Sold! Fourteen city-owned houses collectively worth over $6 million to a Native social-housing agency for $261,281.
The day before Mayor Rob Ford and Toronto’s new council took office, Toronto Community Housing Corp. quietly transferred the houses to Wigwamen Inc, selling nine well under market value and giving five away essentially for free.
The houses, all left vacant and dilapidated for years — and originally paid for with taxpayer dollars — were sold for whatever was left owing on their mortgages, nine of them sold for an average of $29,000, and five had a mortgage balance of $0.
The 14 houses are among 20 the TCHC is transferring over to Wigwamen after receiving approval from Toronto’s outgoing David Miller-led council back in May.
While the deal was supposed to close on Oct. 29, it was put on hold after Ford, then mayor-elect, met with TCHC officials to question it.
The remaining six houses will be transferred pending land-severance approvals and the relocation of existing tenants, TCHC spokesman Jeff Ferrier said.
And because Wigwamen is a charitable organization it’s exempt from paying property taxes on its houses, said Alex Mozo of the city’s finance and administration department.
Ford spokesman Adrienne Batra said the new mayor and council could do nothing to stop the sale because it was approved by former council.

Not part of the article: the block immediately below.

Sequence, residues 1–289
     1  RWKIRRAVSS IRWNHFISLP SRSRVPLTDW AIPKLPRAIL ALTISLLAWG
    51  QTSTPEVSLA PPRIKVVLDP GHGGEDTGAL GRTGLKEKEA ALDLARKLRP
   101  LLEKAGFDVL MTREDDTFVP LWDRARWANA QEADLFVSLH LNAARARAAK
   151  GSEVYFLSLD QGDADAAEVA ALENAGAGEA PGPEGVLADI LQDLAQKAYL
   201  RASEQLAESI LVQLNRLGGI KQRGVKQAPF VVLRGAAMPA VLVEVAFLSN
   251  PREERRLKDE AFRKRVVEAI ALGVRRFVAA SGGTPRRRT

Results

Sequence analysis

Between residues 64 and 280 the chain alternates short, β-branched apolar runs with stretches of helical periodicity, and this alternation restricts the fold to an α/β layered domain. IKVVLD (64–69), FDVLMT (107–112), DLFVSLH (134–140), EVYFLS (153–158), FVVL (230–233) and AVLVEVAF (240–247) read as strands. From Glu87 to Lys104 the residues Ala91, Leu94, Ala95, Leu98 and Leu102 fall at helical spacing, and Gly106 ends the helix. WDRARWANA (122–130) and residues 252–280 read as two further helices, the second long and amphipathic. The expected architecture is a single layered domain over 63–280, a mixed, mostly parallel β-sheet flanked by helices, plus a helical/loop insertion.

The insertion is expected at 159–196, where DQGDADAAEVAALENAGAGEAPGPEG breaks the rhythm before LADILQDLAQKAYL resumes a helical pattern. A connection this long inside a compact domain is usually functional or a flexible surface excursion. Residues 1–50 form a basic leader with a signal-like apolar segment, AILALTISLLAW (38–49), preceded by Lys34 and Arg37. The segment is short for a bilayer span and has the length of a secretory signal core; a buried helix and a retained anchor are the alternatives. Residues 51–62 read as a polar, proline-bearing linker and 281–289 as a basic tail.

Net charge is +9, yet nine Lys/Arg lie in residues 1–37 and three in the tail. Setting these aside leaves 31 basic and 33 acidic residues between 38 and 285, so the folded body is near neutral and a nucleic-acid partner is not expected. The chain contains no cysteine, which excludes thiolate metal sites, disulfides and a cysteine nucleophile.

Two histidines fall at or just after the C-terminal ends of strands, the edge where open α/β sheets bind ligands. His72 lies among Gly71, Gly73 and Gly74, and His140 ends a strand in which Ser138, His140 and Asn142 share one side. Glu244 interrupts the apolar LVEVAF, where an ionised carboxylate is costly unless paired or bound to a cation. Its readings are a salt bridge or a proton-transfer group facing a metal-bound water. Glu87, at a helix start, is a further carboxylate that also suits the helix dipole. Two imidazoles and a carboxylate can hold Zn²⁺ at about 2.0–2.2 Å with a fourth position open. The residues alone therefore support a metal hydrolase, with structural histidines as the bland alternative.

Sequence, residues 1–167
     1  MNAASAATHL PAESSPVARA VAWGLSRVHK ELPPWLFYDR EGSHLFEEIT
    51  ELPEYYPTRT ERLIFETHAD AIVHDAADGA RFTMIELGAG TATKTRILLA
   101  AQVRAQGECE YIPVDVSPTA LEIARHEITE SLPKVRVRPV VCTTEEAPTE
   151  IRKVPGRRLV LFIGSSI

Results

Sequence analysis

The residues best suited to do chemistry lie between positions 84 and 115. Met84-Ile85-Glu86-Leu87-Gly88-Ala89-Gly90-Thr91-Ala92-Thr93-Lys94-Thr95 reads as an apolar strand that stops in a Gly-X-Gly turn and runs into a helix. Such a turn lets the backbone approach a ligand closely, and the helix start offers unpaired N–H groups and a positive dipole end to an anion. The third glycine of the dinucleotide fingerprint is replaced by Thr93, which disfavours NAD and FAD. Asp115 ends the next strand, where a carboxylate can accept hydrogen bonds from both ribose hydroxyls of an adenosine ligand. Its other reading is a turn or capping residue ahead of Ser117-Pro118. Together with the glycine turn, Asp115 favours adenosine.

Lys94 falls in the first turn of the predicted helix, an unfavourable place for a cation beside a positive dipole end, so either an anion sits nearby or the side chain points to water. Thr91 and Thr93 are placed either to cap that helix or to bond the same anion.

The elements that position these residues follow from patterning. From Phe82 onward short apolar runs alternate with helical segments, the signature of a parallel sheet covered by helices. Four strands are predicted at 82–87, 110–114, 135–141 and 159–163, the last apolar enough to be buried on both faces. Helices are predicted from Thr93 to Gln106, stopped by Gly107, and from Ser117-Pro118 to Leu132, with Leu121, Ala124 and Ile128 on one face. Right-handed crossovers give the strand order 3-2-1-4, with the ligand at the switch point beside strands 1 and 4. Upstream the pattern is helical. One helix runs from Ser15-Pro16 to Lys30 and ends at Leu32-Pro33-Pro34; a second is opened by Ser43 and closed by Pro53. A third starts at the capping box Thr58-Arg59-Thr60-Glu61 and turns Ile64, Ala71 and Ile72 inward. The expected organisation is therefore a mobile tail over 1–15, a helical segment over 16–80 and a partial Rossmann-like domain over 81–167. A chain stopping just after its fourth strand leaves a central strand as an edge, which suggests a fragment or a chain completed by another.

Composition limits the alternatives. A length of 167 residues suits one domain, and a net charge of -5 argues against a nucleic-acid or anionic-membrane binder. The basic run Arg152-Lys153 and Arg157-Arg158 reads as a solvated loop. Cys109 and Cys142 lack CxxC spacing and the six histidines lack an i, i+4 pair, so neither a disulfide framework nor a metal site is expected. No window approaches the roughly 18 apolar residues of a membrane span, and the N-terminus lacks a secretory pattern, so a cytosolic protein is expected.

“Mayor Ford will be working with TCHC to ensure any future sales (are) in the best interest of the taxpayers of Toronto,” Batra said in an e-mail to the Sun.
That’s good, said Kevin Gaudet of the Canadian Taxpayers Federation, because such deals are not in the interest of Toronto taxpayers who were paying for the houses while in the hands of the TCHC.
“They are not selling properties for market value,” he said.
“We can get into any of the complicated questions about whether or not (TCHC) should be replacing houses with apartments or whether they should be in this business at all, but ... when you sell property below market value, you’re losing money,” Gaudet said.
And it gets even worse, he said, adding that if they were sold on the open market — and not to a charitable organization — they would then generate property tax revenue.
But the TCHC’s Ferrier said the deal will save taxpayers money. The TCHC will not have to repair the houses or replace them, as it is obligated to do under provincial social-housing rules.
“For these 20 houses, this is saving taxpayers $3 million, because we had a requirement to replace these houses if we sold them on the open market,” he said.
It’s an explanation he’s heard all too often, Gaudet said.
“There isn’t a government department that doesn’t make an announcement and allege that it is somehow saving money,” he said.
“It’s like selling your houses to your neighbour for $50 and saying ‘Wow, I got a great deal on this’ ... the only incontrovertible area here is a ton of money is being lost.”